What Are the Symptoms of a Leg Blood Clot?

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Symptoms of a blood clot in the leg, or deep vein thrombosis, include pain and swelling in the leg with the clot, generally beginning in the calf and feeling like soreness or a cramp. In some cases, clots can occur without causing any observable symptoms, as stated by Mayo Clinic.

Some causes of deep vein thrombosis include a lengthy period of inactivity, such as after an operation or an accident, or any other time when one is limited to a bed or sedentary position in a nursing home, hospital or at home. Also, some medical conditions that influence the clotting process can lead to clots. This is a condition that requires medical attention because the clots can become loose, travel from the legs through the blood vessels and end up in the lungs, in a condition known as pulmonary embolism, notes Mayo Clinic.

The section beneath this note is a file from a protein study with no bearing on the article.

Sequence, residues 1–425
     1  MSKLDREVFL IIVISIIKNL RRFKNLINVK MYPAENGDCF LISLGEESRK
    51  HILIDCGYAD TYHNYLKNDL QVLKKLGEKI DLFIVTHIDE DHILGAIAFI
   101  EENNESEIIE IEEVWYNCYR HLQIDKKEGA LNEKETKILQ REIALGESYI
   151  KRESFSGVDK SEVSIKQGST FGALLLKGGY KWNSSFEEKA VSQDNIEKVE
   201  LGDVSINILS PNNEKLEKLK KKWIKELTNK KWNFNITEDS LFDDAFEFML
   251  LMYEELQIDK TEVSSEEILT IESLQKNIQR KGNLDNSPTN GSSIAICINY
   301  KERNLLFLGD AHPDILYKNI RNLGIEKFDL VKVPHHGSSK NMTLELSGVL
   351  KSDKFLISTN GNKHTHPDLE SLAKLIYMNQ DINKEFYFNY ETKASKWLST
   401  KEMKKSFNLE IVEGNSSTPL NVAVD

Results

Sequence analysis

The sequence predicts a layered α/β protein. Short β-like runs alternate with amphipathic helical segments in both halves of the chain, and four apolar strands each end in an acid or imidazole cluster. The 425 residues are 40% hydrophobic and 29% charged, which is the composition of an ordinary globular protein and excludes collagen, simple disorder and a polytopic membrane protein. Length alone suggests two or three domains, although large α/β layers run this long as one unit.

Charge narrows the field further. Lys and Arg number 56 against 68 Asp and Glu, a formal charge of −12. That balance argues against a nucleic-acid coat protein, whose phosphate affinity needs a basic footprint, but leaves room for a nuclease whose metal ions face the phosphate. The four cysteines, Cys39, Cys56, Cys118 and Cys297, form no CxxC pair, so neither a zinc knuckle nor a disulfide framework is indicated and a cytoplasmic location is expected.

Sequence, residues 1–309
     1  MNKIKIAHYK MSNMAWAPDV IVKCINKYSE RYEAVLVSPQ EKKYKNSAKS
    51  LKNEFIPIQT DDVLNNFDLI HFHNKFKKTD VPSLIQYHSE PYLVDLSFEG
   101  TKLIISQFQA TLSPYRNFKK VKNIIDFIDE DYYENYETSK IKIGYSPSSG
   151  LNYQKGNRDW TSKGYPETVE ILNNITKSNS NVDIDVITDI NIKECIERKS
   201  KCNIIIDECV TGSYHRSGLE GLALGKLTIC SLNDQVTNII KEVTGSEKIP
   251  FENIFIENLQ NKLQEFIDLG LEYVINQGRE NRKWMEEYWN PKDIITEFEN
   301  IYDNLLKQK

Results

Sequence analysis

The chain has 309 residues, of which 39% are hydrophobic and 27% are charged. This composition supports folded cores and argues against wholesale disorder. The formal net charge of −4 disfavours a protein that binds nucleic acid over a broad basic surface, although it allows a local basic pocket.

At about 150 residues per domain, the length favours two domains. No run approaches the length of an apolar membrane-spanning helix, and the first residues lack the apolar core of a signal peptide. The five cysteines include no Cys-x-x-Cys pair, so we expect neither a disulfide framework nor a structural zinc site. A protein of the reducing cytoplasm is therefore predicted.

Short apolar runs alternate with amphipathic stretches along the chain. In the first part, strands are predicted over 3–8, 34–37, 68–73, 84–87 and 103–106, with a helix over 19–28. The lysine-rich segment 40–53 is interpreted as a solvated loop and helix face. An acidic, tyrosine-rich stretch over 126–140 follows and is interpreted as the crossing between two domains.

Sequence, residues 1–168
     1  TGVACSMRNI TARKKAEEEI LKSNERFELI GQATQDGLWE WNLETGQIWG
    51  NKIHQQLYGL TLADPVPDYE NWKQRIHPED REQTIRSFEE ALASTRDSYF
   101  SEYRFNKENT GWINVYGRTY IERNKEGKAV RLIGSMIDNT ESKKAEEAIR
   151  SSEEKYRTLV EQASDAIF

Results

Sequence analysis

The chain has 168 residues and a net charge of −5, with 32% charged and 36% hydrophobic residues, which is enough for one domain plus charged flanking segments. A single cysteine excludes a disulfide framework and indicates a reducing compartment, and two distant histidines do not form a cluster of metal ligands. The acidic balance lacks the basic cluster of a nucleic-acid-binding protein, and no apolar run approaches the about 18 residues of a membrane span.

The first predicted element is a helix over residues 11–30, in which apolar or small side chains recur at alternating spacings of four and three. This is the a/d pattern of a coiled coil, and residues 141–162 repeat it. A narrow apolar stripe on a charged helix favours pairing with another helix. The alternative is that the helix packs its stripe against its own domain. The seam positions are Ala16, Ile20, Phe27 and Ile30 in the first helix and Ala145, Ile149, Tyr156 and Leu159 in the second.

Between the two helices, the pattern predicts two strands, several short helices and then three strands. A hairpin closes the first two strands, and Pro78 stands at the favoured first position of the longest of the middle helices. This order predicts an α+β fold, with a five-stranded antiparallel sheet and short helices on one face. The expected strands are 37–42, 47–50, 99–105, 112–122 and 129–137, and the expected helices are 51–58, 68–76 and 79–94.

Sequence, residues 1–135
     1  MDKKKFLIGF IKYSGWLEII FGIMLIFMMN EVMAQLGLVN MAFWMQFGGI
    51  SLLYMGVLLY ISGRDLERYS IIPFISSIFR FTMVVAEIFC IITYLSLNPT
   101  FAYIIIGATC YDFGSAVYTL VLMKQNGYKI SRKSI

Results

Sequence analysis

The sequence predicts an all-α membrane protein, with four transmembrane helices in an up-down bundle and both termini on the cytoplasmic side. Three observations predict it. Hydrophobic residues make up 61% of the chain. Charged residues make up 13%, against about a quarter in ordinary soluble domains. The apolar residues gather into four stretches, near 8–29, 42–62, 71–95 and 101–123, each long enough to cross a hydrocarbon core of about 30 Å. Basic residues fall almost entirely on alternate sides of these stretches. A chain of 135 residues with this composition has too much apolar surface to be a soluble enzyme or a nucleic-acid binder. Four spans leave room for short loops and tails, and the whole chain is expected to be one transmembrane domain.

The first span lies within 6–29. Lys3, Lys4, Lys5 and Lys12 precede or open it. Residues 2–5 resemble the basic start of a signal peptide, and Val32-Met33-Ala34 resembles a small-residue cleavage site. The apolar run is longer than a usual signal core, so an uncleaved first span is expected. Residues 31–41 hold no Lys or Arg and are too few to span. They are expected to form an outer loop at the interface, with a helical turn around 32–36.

When clots cause pulmonary embolism, some of the symptoms include coughing up blood, an elevated pulse, a dizzy sensation, fainting, extreme chest pain that gets worse when breathing or coughing, and a sudden instance of shortness of breath without any other explanation. People experiencing symptoms of pulmonary embolism should seek emergency medical attention as soon as possible, according to Mayo Clinic.

Risk factors for a blood clot include lengthy periods of bed rest, paralysis, recent injury or surgery, travel periods longer than four hours by car, plane, bus or train, and being overweight or obese, according to Mayo Clinic. For women, using hormonal birth control and carrying a pregnancy increase the risk for DVTs. Cancer, heart failure and inflammatory bowel disease are common diseases that also increase the risk for blood clots.